Growth and Development of Tourism in Australia since World War II Essay
Growth and Development of Tourism in Australia since World War II
This is a short but informative discourse on the growth and development of tourism in Australia since World War II. The first few segments will focus on the history of Australia as a nation in order to provide a solid background for the inherent factors which contribute to the growth and development of tourism in Australia. The second segment will briefly highlight the Australian economy to show the benefits that have been derived from the tourism boom in Australia. Finally, the last segment shall carefully identify and explain the major factors that have contributed to this tourism surge in Australia since World War II.
Brief History of Australia Australia mainly known for its picturesque surroundings is more than meets the eye. Australia boasts of a rich history under the rule of the British and enviable living conditions for its citizens (Pike, 2002). However, Australia was not always like this. Before the arrival of Western influences, Indigenous Australians inhabited the mainland but eventually European explorers set foot on Australia. The most notable explorer, James Cook mapped out the east coast of Australia and claimed this piece of Australia as a British Colony.
The contributions of James Cook were integral in the establishment of a penal colony in New South Wales. The British territories grew larger with more and more discoveries of Australia’s mainland. The influx of the British caused the decline in the population of the Indigenous Australians (Pike, 2002). Slowly, the British colonies in Australia governed themselves while remaining under the British Empire. The British Empire only controlled foreign affairs, international shipping, and defense.
A decade of planning, consultation, and voting gave rise to the Commonwealth of Australia on January 1, 1905 (Mason, 2003). The new country took advantage of all its natural resources to rapidly develop into an agricultural and manufacturing country taking into consideration its strategic location. World War I started to brew across the Europe and Australia was willing to take part in the war (Pike 2002). Enlistments were abundant which caused the industries and trade agreements of Australia were disrupted because of the war.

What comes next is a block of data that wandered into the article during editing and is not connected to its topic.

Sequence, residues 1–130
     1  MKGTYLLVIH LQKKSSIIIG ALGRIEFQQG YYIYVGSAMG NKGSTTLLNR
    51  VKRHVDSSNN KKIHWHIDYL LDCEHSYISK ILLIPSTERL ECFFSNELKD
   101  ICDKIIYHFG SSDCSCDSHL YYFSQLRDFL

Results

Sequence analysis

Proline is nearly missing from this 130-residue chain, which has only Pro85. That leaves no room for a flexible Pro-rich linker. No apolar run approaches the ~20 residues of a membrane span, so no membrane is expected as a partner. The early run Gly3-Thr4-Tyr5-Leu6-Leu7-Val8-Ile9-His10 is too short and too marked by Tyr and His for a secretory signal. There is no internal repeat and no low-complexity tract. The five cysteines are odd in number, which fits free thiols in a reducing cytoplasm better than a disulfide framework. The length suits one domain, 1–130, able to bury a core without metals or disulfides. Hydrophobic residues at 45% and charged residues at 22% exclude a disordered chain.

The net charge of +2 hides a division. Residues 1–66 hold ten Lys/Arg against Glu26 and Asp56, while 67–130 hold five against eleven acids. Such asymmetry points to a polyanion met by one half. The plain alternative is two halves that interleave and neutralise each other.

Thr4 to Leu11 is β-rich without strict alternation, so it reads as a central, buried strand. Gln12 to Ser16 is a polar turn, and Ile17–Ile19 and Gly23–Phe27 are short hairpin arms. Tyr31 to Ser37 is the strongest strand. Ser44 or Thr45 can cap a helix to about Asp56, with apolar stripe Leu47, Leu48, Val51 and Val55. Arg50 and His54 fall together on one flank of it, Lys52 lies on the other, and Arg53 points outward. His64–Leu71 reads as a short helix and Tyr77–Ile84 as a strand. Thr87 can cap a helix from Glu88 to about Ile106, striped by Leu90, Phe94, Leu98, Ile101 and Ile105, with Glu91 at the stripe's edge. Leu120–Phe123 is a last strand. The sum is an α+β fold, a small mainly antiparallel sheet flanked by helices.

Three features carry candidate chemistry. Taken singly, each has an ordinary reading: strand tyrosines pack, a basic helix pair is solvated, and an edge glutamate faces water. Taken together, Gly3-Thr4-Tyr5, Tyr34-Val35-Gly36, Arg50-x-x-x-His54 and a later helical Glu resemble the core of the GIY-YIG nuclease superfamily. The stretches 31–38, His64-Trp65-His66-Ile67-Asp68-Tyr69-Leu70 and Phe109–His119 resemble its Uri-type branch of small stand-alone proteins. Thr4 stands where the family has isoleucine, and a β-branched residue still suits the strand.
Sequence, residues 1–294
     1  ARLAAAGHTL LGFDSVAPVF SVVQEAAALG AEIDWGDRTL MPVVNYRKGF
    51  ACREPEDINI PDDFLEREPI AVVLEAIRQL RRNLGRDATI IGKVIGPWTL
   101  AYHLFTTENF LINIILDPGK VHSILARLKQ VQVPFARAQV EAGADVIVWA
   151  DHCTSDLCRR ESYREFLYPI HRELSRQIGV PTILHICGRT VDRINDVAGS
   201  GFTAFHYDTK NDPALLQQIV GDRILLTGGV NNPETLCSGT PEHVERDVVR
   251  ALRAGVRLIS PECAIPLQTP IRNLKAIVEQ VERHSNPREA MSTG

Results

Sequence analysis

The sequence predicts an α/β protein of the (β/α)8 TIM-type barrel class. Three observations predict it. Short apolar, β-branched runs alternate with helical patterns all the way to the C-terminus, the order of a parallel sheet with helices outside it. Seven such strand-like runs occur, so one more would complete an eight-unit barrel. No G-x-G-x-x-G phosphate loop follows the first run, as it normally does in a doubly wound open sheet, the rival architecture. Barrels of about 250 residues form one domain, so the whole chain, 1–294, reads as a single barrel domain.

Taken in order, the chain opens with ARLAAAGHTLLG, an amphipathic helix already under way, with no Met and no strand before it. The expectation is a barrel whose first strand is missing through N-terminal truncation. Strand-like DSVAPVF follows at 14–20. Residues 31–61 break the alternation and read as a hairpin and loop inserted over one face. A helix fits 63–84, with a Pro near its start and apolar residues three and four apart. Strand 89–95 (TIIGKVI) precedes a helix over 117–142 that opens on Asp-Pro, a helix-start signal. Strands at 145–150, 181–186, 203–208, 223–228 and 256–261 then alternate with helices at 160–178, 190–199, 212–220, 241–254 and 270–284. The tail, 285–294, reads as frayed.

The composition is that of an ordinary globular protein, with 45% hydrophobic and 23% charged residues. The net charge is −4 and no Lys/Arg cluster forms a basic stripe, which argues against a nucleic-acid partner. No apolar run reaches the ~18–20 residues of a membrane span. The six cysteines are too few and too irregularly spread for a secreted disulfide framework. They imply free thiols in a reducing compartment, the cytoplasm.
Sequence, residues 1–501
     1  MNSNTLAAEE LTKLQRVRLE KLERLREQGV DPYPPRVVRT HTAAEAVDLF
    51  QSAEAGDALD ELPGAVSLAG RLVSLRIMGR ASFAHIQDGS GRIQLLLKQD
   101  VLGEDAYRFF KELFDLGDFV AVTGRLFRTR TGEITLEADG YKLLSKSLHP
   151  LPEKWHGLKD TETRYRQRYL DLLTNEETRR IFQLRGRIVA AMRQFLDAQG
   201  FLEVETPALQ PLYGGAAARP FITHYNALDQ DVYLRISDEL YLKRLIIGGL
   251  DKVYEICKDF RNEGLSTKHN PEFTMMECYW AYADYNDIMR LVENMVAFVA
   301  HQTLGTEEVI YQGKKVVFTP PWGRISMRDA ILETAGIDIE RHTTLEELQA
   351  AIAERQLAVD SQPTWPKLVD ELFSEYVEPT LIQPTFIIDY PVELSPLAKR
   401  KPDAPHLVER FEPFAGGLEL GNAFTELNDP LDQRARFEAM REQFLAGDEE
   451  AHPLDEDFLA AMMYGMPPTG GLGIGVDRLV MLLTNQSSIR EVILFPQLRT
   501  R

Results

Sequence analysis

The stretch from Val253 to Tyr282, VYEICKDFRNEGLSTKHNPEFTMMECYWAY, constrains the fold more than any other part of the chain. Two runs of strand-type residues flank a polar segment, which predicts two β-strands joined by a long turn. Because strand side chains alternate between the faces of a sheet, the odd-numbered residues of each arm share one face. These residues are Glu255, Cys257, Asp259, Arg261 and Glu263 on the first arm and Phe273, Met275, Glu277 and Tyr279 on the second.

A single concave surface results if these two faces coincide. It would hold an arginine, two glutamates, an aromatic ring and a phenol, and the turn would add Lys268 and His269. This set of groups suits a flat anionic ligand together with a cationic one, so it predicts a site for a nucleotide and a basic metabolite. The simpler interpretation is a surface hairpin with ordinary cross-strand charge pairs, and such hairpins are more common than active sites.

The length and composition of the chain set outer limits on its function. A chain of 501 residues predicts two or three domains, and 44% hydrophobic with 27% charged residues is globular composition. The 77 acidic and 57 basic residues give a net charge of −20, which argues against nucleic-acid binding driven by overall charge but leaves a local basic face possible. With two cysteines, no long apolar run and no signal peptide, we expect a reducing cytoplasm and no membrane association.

Trade agreements with Germany were put to a halt thus Australia had to find other means to address their needs of steel. Like in any war, profiteering occurred and the ordinary people could not even purchase the basic utilities (Mason, 2003). However, at the end of the War, Australia managed to produce more products than ever before, which contributed to the growth of the nation. Effect of World War II on Australia World War II made Australia purchase products which could have easily been produced thus the war was a huge boon to Australia.
The restrictions of rationing imposed by the government allowed personal savings to increase. There was also full employment during the war since manpower was being utilized for essential industries. Australia was more prepared for World War II than it was for World War I. World War II did affect Australia. “Migration revolution” began which led to multiculturalism instead of “White Australia”. The government was so afraid to be invaded that it encouraged the influx of refugees and displaced families from Europe.
Consequently, Australia evolved into a country of mixed races and mixed cultures (Pike, 2002). Ties between Australia and the British Empire were officially severed with the passing of Australia Act 1986. This act severed any rule of the British Empire in the Australian states. Australia now rules itself and is developed country surrounded by the developing countries of the Asia-Pacific region (Mason, 2003). The Australian Economy Australia is a very prosperous nation. It boasts of ranking third in the UN Human Development Index 2006, which indicates that Australia is a developed country.